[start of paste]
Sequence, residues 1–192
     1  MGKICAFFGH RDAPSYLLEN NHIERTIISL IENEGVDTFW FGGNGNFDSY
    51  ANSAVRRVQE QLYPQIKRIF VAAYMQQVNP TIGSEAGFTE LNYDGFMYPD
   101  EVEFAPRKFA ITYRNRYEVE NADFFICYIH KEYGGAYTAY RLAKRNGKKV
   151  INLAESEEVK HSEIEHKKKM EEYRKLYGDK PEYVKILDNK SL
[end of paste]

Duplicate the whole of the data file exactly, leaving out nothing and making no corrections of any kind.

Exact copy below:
Sequence, residues 1–192
     1  MGKICAFFGH RDAPSYLLEN NHIERTIISL IENEGVDTFW FGGNGNFDSY
    51  ANSAVRRVQE QLYPQIKRIF VAAYMQQVNP TIGSEAGFTE LNYDGFMYPD
   101  EVEFAPRKFA ITYRNRYEVE NADFFICYIH KEYGGAYTAY RLAKRNGKKV
   151  INLAESEEVK HSEIEHKKKM EEYRKLYGDK PEYVKILDNK SL